"Dim the lights. Pass the popcorn, the opera-glasses, and the power-ballad cigarette lighter—we’ll need them all. Let the fierce wars and faithful loves begin."

Now you can get my guide to The Faerie Queene in handy ebook form!  

Get it on Kindle for just $2.99.

Or, even if you've only read the original blog series, feel free to leave a review on Amazon.

Thursday, May 16, 2013

The Twenty-Fourth of June by Grace S Richmond

Well, I'm back from a busy fortnight helping out a friend, but thanks to her, I have a whole new author to review.

Grace S Richmond's 1914 novel The Twenty-Fourth of June is a cozy vintage romance. A wealthy and unattached young idler, Richard Kendrick, runs an errand for the even wealthier uncle whose heir he is--and finds himself in the warm, lively, and industrious Gray home, seeing family life for the very first time, and equally fascinated by this experience as by the charming Roberta Gray. Before long, Richard finds a way to install himself in the Gray home as a secretary to Miss Gray's uncle. But although the family at large takes Richard to their heart, he finds Roberta prickly and often even forbidding. Soon, it becomes clear that she looks down on him as a good-for-nothing socialite. Will Richard rise to the challenge and find a useful occupation? Can he really be as useless as Roberta thinks? Will Richard finally be able to set up the home he's come to dream of? Well--the answers shouldn't be too difficult to guess.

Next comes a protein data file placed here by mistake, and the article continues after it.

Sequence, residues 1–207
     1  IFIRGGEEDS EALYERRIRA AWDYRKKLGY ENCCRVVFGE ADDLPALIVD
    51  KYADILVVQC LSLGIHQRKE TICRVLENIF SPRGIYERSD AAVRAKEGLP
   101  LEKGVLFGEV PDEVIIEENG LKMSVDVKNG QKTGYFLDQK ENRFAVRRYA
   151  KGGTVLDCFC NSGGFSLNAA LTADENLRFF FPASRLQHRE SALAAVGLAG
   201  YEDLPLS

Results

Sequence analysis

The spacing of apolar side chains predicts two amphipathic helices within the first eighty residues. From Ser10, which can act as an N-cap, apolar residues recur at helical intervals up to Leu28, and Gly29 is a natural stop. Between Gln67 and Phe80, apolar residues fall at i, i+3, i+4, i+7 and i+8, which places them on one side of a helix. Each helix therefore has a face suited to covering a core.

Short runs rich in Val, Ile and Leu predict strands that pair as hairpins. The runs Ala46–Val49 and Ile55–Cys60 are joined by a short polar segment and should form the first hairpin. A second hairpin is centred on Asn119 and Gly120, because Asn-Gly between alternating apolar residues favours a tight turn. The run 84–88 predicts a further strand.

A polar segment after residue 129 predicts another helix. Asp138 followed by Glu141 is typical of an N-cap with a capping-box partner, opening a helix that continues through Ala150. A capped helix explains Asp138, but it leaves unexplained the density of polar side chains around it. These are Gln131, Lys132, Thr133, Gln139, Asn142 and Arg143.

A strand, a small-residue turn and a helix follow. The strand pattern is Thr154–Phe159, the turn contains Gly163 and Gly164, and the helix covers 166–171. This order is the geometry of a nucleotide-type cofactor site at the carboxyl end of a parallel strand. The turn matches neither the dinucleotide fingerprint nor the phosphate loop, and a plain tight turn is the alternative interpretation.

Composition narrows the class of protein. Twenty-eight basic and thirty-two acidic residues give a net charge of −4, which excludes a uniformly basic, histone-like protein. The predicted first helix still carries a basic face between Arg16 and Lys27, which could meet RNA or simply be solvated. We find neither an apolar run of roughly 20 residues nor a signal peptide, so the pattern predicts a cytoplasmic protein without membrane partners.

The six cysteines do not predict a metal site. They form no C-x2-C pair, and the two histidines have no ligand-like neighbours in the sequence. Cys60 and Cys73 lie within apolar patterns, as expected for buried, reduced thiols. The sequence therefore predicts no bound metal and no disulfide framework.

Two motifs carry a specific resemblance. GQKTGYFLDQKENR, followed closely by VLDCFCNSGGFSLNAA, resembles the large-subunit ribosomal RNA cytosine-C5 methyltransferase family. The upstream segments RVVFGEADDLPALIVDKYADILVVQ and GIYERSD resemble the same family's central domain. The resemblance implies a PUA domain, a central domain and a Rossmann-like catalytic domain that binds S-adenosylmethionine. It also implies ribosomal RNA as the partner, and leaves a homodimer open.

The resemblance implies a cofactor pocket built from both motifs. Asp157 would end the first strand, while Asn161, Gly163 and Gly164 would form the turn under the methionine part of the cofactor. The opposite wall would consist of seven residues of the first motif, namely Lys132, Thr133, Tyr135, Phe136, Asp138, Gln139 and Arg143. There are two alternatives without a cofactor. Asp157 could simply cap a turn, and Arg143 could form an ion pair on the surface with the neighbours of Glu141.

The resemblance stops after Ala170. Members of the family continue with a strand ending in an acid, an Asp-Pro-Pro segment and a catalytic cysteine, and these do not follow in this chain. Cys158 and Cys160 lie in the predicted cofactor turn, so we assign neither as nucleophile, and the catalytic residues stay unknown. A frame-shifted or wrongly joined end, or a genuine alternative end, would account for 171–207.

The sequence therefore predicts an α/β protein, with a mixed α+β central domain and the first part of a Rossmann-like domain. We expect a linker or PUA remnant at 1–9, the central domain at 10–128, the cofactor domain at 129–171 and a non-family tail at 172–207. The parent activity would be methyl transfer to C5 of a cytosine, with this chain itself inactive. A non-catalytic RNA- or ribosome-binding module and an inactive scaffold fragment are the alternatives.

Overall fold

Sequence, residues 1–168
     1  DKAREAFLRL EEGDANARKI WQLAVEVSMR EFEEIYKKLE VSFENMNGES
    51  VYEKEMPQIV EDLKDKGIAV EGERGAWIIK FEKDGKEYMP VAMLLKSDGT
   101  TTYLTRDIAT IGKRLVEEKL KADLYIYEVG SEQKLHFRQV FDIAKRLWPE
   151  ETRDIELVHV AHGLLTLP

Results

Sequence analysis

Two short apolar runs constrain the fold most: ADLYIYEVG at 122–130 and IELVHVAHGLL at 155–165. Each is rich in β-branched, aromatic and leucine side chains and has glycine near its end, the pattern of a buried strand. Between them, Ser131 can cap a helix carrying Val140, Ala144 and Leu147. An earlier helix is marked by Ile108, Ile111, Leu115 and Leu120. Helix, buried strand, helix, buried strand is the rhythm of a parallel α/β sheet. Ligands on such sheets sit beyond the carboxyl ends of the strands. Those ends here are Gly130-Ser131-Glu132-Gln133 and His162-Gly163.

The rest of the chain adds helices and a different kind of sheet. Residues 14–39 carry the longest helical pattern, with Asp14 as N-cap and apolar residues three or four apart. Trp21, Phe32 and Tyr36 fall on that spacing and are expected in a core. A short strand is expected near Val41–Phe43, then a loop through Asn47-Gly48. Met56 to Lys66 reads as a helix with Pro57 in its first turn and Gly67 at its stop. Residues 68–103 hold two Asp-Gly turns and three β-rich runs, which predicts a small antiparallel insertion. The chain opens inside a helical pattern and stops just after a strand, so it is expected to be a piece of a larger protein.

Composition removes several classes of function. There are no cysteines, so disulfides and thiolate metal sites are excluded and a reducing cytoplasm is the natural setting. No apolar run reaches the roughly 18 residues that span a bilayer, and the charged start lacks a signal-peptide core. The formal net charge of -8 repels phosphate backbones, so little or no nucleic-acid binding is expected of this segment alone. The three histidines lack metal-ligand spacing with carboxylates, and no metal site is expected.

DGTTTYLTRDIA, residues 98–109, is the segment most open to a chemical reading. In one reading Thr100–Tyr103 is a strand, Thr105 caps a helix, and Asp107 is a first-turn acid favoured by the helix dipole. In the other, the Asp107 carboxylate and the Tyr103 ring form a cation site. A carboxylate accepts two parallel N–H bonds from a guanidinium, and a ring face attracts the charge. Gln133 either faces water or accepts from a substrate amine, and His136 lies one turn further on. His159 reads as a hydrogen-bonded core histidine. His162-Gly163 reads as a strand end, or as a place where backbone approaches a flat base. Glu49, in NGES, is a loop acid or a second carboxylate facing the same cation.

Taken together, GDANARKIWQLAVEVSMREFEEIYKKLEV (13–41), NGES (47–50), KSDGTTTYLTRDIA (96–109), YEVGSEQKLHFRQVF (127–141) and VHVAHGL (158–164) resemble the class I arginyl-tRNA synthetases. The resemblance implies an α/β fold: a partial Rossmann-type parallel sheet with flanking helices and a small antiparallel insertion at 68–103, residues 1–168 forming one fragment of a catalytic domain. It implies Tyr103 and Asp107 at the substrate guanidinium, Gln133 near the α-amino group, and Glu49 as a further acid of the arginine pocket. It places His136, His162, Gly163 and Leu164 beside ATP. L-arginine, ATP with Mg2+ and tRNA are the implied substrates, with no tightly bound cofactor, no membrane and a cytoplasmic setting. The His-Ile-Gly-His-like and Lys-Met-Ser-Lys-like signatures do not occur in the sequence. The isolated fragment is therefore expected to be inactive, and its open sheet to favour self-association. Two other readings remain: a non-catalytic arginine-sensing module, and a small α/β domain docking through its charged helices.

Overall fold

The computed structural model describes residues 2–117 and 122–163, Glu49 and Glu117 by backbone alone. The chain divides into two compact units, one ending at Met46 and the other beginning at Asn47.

This was a most enjoyable novel, of course. It had all the best strengths of a vintage novel, and few of the weaknesses. Oh yes, it was a little bit sentimental about the home, and you could easily play Vintage Romance Novel Bingo with its plot (Outwardly unlikeable hero with hidden depths, tick--heroine partly changes her mind about him after seeing his house, tick). But on the other hand, it skirted a few of the pitfalls: the home was not seen as a place of idleness, but of industry; women are not the only righteous characters in the book; and so on.

There is not a whole lot I can say about this book in a review, except that I enjoyed it and you might too. This is partly because of the genre of the book itself--while Mrs Richmond gets up to some interesting writerly tricks, such as the almost impressionistic portrait of the Gray's home in the first chapter, the themes of the book are quite simple, and all lying around on the surface where it's easy to see them.

This is not necessarily, of course, a bad thing. I have myself enjoyed homes very much like the one described in the novel, and the more books in which idle young men find a purpose the better! It's a good, wholesome, inoffensive book that also happens to be well-written and satisfying, if not on the same level as Mansfield Park. Recommended, and I'll certainly be interested in reading some more Grace S Richmond in future.